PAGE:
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|Subject||Consumption (economics) and consumer behavior; Moral and ethical aspects|
|Publisher||Houghton Mifflin Harcourt|
Audiobook on CD
|LC Class||HC110.C6 S255 2010|
The Power of Half: One Family's Decision to Stop Taking and Start Giving Back is a book written by Kevin Salwen and his teenage daughter Hannah in 2010.
The book describes how the Salwen family decided to sell their home so that they could donate half the proceeds to charity. It discusses the initial decision-making, the process of selling the home, making the donation, downgrading to a smaller home, and what they learned in the process. The book details the Salwens' process in choosing a charity partner that would fit their values and effect a lasting change, and how their actions supporting and empowering a village in Ghana differed from their original idea of "direct involvement".
The book details why and how the Salwen family decided to sell their home in 2006. The home was a luxurious, 6,500-square-foot (600-square-meter), 1912 historic dream-house in Ansley Park, in midtown Atlanta, Georgia. It had Corinthian columns, five bedrooms, eight fireplaces, four ornate bathrooms, and a private elevator to Hannah's bedroom.
The family down-graded by replacing their home with a house that was half as expensive and less than half the size. The Salwens donated half the proceeds ($850,000) of the sale of their original home to The Hunger Project, a charity that works to lessen the hunger of 30,000 rural villagers in over 30 villages in Ghana, and helps them gain self-reliance.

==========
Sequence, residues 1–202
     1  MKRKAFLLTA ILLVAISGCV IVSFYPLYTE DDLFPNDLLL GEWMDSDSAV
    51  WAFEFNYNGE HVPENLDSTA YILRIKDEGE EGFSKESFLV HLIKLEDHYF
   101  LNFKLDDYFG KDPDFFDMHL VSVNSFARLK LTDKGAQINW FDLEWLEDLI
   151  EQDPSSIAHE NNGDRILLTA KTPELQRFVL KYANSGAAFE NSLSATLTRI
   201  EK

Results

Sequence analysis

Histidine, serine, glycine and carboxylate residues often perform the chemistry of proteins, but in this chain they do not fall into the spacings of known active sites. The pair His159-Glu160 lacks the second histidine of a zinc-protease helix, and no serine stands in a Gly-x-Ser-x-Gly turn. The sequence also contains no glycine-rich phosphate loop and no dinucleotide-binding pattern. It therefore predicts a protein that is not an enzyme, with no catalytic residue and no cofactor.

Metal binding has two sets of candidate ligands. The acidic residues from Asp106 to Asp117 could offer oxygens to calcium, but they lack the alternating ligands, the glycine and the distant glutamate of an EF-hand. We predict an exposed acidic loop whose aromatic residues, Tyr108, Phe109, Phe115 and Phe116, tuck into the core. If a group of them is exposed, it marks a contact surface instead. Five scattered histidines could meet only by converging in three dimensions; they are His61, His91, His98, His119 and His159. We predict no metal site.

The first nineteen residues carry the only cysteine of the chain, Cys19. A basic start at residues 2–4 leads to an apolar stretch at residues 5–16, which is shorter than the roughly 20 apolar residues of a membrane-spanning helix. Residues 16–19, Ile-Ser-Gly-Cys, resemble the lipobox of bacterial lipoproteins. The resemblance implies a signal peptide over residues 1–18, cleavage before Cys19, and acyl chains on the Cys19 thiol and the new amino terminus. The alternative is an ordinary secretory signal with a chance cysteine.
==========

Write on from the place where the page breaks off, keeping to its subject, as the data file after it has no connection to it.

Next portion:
The book describes the consensus-driven process that the parents and their two children used–over a period of time–to reach the decision to give away half the value of their home, and how they chose the charity from a number of non-profit organizations that they considered. It describes the challenges that the family faced while turning their family project into a reality, from economic ones to keeping the project a secret for a period of time so that they would not appear to be "freaks" to their friends.
Before they embarked on the project, the family members had little contact with one another, other than at meals. Hannah notes that The Power of Half "is a relationships book, not really a giving book." She feels that the project helped her family grow closer to one another.The New York Times Book Review notes how the family "became happier with less—and urges others to do likewise."
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